Wilson v. Donovan, 218 F. Supp. 944 (E.D. La. 1963)

U.S. District Court for the Eastern District of Louisiana - 218 F. Supp. 944 (E.D. La. 1963)
July 18, 1963

218 F. Supp. 944 (1963)

Willie WILSON, Plaintiff,
P. J. DONOVAN, Deputy Commissioner, Seventh Compensation District, Bureau of Employees' Compensation, U. S. Department of Labor, and T. Smith & Son, Inc., Defendants.

No. 12975.

United States District Court E. D. Louisiana, New Orleans Division.

July 18, 1963.

*945 Zelden & Zelden, Max Zelden, New Orleans, La., for plaintiff.

Gene S. Palmisano, Asst. U. S. Atty., for P. J. Donovan.

Sehrt, Boyle & Wheeler, Virgil M. Wheeler, Jr., New Orleans, La., for T. Smith & Son, Inc.

AINSWORTH, District Judge.

Plaintiff was injured on June 14, 1958, while working as a longshoreman for T. Smith & Son, Inc., and while aboard a vessel afloat on navigable waters of the United States. He was paid compensation under the Federal Longshoremen's Act (33 U.S.C.A. § 901 et seq.) at $54.00 per week until April 12, 1959. Thereafter, on August 6, 1959, he filed suit in the Civil District Court, Parish of Orleans, State of Louisiana, for Louisiana workmen's compensation on account of said injury, which matter is still pending and apparently will not be pursued because of the adverse decision of the Louisiana Supreme Court in Ellis v. Travelers Insurance Company, 1961, 241 La. 433, 129 So. 2d 729, which held that a longshoreman injured while working on board an ocean-going vessel afloat on navigable waters may not claim Louisiana workmen's compensation but is limited to a claim under the Federal Longshoremen's Act. On May 10, 1961, formal claim was filed by plaintiff with the Deputy Commissioner for benefits under the Federal Longshoremen's Act. (See Stipulation of the parties.)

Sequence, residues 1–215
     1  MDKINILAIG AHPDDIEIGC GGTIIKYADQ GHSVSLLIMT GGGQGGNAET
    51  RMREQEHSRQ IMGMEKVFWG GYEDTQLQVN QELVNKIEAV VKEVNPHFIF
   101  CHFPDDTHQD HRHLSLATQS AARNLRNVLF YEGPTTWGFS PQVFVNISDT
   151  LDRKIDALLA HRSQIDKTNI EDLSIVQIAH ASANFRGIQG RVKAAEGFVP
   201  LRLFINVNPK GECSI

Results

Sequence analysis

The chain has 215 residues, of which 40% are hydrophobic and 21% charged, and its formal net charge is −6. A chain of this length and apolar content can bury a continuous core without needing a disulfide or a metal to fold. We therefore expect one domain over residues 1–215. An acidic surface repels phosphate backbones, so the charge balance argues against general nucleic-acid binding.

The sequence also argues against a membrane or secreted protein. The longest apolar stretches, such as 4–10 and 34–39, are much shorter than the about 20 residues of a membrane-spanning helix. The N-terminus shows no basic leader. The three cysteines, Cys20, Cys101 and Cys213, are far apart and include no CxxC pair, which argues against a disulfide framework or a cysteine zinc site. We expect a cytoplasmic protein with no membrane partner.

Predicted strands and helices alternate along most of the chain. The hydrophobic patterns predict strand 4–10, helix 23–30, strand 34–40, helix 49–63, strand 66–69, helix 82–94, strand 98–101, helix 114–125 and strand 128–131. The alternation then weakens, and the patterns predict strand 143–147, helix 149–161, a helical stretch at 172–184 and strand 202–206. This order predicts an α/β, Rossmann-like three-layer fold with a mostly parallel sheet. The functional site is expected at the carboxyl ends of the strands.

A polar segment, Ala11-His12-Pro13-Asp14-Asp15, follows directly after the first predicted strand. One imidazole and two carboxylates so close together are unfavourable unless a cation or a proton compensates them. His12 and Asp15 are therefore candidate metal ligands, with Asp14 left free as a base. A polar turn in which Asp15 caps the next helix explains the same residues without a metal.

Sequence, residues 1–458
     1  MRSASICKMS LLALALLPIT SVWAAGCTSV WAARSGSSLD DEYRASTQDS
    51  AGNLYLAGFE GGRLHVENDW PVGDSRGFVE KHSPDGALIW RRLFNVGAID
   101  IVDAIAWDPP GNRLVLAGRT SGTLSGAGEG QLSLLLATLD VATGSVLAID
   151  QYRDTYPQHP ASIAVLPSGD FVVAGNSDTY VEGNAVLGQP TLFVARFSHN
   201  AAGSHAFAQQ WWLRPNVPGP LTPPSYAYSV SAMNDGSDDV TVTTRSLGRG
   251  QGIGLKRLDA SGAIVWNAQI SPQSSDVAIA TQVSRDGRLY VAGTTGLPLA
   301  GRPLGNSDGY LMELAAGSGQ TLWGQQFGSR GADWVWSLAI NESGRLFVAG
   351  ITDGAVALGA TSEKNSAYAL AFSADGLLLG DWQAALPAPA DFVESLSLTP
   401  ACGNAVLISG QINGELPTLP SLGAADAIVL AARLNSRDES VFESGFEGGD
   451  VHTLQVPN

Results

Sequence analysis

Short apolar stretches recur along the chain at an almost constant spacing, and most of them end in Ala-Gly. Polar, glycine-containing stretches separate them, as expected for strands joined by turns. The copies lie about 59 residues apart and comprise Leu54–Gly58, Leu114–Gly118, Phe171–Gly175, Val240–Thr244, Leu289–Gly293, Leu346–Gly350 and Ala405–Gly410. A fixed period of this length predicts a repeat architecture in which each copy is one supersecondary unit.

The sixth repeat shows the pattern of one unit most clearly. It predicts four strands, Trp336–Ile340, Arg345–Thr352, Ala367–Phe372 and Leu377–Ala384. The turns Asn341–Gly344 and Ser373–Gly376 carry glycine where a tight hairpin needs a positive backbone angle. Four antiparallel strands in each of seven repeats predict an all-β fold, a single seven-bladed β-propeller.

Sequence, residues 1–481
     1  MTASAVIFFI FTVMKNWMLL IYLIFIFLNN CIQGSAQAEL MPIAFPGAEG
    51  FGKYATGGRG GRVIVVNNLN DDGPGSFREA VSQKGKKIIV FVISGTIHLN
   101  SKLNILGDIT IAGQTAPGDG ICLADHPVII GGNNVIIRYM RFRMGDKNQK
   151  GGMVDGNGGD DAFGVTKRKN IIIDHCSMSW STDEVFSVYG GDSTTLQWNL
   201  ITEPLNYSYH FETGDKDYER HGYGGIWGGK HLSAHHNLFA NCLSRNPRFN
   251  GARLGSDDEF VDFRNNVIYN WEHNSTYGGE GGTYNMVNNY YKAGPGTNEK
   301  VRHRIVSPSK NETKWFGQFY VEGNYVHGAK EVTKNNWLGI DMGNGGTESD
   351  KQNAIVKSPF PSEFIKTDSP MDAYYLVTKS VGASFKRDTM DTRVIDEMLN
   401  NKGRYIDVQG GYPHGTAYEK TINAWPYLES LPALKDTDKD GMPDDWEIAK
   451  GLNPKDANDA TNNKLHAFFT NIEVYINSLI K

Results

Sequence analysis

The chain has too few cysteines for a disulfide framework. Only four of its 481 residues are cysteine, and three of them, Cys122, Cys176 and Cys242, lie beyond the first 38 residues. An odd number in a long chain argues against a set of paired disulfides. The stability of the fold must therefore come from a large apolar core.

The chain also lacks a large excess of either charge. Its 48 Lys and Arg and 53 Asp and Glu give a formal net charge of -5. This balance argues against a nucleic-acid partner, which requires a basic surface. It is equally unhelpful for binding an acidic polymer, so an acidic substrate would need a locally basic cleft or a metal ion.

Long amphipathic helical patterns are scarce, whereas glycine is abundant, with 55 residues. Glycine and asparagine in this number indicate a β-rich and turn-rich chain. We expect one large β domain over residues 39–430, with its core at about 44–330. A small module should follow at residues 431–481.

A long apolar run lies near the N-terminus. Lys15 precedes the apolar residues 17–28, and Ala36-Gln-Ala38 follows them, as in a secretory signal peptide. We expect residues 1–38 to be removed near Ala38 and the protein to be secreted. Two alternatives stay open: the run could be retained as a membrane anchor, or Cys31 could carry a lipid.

This matter is before us on motions for summary judgment filed by plaintiff and by the two defendants.

There is no dispute as to the present facts which are based on the record in Case No. 2-6870 pending before defendant Deputy Commissioner Donovan. The question presented here is whether an employee suit filed in a Louisiana State Court against an employer for recovery under the Louisiana Workmen's Compensation Act is a suit for damages as contemplated by Title 33 U.S.C.A. § 913 (d), sufficient to toll the statute of limitation of one year in claims under the Federal Longshoremen's Act. The claim was not filed with the Deputy Commissioner until more than two years after receipt of the last compensation payment. Section 913(d) reads as follows:

"Where recovery is denied to any person, in a suit brought at law or in admiralty to recover damages in respect of injury or death, on the ground that such person was an employee and that the defendant was an employer within the meaning of this chapter and that such employer had secured compensation to such employee under this chapter, the limitation of time prescribed in subdivision (a) of this section shall begin to run only from the date of termination of such suit."